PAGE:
Institutions of higher education are must find a way to remain relevant as people question high tuition cost. Digital transformation may be part of an answer.
Institutions of higher education are being forced to rethink how education will be delivered. What stuctural changes will be needed to support new educational business models? Are there parts of the curriculum that can be delivered at lower costs such as through MOOCs? Listen to Lisa Davis of Georgetown talk about the challenges of higer education and the impact of technology.
Michael: So when you talk about educational disruption, it’s disruptive to your fundamental business model isn’t it, to the revenue and how you make money and your relationships to students and administrators, faculty, researchers. So this disruption in higher Ed. is very pervasive through the fabric.
Georgetown has been experimenting in this era, first with an initiative called technology enhanced learning. Where we had faculty submit proposals of how they would embrace and leverage technology in the classroom.
And then that has gone onto another initiative called, designing the future University. Where now it’s not at a course level, it’s at a curriculum level. So, a lot of the data shows now that a three-year BA is imminent. How do we change what we do structurally to be able to support changes in a traditional curriculum, where bachelors required four years to get a bachelor degree, can we do it in three years? Can we do a three-year BA/MA?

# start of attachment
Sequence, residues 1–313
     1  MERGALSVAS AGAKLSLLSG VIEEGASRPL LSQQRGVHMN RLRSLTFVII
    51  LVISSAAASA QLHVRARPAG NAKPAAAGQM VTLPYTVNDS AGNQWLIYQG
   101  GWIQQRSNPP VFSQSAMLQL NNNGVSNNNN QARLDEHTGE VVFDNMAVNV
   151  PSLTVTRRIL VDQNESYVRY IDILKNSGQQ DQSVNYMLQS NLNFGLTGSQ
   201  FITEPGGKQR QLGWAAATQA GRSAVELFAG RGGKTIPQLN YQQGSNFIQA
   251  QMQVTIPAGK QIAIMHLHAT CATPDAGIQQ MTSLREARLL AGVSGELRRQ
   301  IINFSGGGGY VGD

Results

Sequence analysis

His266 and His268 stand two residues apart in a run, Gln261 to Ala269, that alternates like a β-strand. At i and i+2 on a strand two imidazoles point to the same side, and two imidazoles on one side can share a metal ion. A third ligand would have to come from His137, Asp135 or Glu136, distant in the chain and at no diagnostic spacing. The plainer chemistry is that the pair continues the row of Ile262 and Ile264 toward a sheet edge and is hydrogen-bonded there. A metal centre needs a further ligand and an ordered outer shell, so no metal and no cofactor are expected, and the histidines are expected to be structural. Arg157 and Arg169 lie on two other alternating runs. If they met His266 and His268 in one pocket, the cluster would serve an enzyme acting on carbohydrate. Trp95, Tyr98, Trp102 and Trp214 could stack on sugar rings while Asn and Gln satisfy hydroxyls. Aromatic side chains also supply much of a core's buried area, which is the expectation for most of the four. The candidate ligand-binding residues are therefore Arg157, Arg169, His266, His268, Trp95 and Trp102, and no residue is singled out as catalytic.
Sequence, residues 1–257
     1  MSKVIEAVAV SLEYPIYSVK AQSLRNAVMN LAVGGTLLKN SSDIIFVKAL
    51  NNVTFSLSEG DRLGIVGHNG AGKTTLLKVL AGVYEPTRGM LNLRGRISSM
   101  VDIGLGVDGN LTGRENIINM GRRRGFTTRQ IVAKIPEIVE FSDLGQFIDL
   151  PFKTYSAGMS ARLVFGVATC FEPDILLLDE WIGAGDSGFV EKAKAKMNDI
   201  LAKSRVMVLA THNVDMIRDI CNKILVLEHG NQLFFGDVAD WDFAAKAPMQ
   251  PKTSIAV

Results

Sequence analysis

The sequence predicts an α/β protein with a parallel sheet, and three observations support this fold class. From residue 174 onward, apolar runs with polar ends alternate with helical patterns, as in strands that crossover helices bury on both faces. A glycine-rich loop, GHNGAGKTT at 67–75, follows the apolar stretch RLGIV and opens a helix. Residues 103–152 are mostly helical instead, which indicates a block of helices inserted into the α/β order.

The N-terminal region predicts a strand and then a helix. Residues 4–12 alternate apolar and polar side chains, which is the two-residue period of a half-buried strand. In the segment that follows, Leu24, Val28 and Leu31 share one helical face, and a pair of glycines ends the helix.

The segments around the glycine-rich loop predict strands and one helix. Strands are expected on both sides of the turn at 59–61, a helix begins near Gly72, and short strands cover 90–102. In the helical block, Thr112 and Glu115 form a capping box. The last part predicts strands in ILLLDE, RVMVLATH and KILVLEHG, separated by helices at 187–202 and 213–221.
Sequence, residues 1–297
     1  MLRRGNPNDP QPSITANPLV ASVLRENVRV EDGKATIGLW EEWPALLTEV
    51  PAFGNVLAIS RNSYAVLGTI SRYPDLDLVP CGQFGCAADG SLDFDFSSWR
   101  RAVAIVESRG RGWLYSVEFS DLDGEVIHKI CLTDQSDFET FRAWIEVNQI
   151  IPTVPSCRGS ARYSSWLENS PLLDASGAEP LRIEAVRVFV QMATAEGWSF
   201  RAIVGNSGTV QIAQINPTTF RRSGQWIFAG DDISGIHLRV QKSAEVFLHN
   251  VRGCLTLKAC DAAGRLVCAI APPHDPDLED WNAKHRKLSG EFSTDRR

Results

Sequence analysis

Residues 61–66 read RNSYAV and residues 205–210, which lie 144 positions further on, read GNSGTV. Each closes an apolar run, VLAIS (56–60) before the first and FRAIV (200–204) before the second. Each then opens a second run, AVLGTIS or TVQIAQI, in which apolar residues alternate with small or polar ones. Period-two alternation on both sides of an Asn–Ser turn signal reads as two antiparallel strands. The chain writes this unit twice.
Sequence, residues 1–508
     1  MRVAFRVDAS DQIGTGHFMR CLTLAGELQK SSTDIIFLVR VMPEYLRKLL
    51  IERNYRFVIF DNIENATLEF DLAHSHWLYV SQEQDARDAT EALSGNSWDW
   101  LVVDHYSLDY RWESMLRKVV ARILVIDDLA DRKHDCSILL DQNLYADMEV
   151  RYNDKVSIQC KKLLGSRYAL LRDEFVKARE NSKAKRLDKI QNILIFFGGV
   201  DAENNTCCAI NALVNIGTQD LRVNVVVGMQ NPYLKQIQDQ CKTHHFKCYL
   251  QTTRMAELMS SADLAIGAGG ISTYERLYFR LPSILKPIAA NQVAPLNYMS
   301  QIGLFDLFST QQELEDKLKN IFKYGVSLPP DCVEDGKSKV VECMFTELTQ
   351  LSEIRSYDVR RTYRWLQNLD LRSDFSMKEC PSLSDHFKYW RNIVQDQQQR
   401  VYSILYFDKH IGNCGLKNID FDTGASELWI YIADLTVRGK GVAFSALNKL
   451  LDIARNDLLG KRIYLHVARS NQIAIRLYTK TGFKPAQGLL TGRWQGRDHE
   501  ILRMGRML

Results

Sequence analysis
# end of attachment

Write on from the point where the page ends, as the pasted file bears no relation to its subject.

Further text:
If you think about the structural changes necessary to allow that curriculum to change, that’s really where the impact is. A lot of discussion with online learning, adult learners, and the revenue model now brought together with online learning and really catering to that adult learner.
...this is where the experimentation and the lessons learned really come into play, as we start building and shaping the institution of the future, is that MOOCs showed us what parts of our curriculum were generic and interchangeable and what parts can be pulled out of the curriculum and delivered at a lower cost. Such as, intro to statistics, intro to biology, 102 level courses. So absolutely, I think it will change the business model and it’s forcing us institutions to think about how do we would embrace it. It goes back to the structural changes that we need to make. And how we do business, how we think about the business, what curriculum that we offer, which also impacts the cost of that education as well,...
...how do we enhance the learning experience for our students. How do we personalize that experience? And I think that’s where you’ll see institutions go more and more, and what will be a different differentiator.
you know, at one point may be technology made you have a competitive advantage. But technology today is table stakes,...
Michael: So tell us about the link between digital transformation and cultural change inside the organization.
I don’t think we can talk about digital transformation without thinking about cultural transformation, because I believe they go hand in hand.
We leverage these digital disruptors that our students were demanding and were bringing them into the fold as well and the modernization and strategy, by delivering a mobile platform. And then figuring out where we engage with our students. So not making those decisions in a vacuum, but embracing our stakeholder community and our students to help us figure out what is important to you on these mobile platforms,
We have very strong academic partners, so technology cannot do this alone.
We’re a partner and an enabler.
Published Date: Aug 31, 2015
Author: Michael Krigsman
Episode ID: 275